The Telephone Conversation by Wole Soyinka

The price seemed reasonable, location
Indifferent. The landlady swore she lived
Off premises. Nothing remained
But self- confession “Madam, I warned,
“I hate a wasted journey- I am African.”
Silence. Silenced transmission of
Pressurised good – breeding. Voice, when it came
Lipstick-coated, long gold-rolled
Cigarette- holder pipped. Caught I was foully
“HOW DARK?…… I had not misheard……
“ARE YOU LIGHT OR VERY DARK?” Button B, Button A, stench
Of rancid breath of public hide-and –speak
Red booth. Red pillar box. Red double-tiered
Omnibus squelching tar. It was real. Shamed
By ill-mannered silence, surrender
Pushed dumbfounded to beg simplification.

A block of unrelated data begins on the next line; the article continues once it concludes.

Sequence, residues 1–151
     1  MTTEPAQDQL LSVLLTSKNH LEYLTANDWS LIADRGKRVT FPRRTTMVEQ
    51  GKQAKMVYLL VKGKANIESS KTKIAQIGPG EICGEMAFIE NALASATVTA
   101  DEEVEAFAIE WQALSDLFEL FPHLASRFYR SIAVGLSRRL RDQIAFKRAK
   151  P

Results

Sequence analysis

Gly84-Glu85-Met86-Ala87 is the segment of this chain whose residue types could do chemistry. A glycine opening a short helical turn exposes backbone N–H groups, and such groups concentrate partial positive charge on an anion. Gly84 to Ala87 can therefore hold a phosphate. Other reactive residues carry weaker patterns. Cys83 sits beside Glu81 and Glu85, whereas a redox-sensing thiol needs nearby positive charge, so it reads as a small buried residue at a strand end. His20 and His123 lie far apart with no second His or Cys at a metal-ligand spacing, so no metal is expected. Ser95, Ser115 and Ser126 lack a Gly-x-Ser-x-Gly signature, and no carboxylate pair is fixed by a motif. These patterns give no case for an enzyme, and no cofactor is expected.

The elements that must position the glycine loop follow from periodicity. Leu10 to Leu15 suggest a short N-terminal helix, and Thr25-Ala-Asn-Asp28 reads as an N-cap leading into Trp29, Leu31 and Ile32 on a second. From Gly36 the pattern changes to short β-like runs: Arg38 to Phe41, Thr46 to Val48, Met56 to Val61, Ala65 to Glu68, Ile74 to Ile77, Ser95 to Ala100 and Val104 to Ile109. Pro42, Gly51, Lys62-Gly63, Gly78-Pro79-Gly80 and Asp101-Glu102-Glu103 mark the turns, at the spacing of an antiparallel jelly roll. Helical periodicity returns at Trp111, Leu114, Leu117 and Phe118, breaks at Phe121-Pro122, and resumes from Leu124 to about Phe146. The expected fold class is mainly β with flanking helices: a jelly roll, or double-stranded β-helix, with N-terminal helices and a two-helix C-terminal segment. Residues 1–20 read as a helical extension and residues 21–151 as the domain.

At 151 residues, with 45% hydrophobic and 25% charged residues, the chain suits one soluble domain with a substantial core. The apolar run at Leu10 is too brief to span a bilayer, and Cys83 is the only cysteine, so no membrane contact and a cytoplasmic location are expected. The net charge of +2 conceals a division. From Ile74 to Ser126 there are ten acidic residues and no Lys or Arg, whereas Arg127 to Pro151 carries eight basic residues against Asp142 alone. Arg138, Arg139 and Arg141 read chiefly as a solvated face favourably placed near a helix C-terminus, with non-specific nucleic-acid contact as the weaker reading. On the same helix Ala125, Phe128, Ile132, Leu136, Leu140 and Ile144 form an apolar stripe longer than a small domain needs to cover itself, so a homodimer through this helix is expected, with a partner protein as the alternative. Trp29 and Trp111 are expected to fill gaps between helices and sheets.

Considerate she was, varying the emphasis-
“ARE YOU DARK? OR VERY LIGHT?” Revelation came
“You mean –like plain or milk chocolate?”
Her assent was clinical, crushing in its light
Impersonality, Rapidly, wave length adjusted,
I chose “West African sepia”- and as afterthought,
“Down in my passport.” Silence for spectroscopic
Flight of fancy, till truthfulness clanged her accent
Hard on the mouthpiece. “WHAT IS THAT?” conceding
“DON’T KNOW WHAT THAT IS” “Like brunette.”
THAT’S DARK, ISN’T IT?” Not altogether,
Facially, I am a brunette, but Madam you should see
The rest of me. Palm of my hand, soles of my feet
Are a peroxide blonde. Friction caused
Foolishly, Madam – by sitting down, has turned
My bottom raven black- One moment – sensing
Her receiver rearing on the thunderclap
About my ears- “Madam” I pleaded “wouldn’t you rather
See for yourself?”